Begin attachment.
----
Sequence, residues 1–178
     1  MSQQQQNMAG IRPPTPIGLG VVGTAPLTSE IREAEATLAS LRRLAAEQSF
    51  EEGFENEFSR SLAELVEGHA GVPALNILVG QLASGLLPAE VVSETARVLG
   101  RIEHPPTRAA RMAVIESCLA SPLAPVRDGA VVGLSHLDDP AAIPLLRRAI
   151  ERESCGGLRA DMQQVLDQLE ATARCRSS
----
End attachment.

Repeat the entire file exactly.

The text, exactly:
Sequence, residues 1–178
     1  MSQQQQNMAG IRPPTPIGLG VVGTAPLTSE IREAEATLAS LRRLAAEQSF
    51  EEGFENEFSR SLAELVEGHA GVPALNILVG QLASGLLPAE VVSETARVLG
   101  RIEHPPTRAA RMAVIESCLA SPLAPVRDGA VVGLSHLDDP AAIPLLRRAI
   151  ERESCGGLRA DMQQVLDQLE ATARCRSS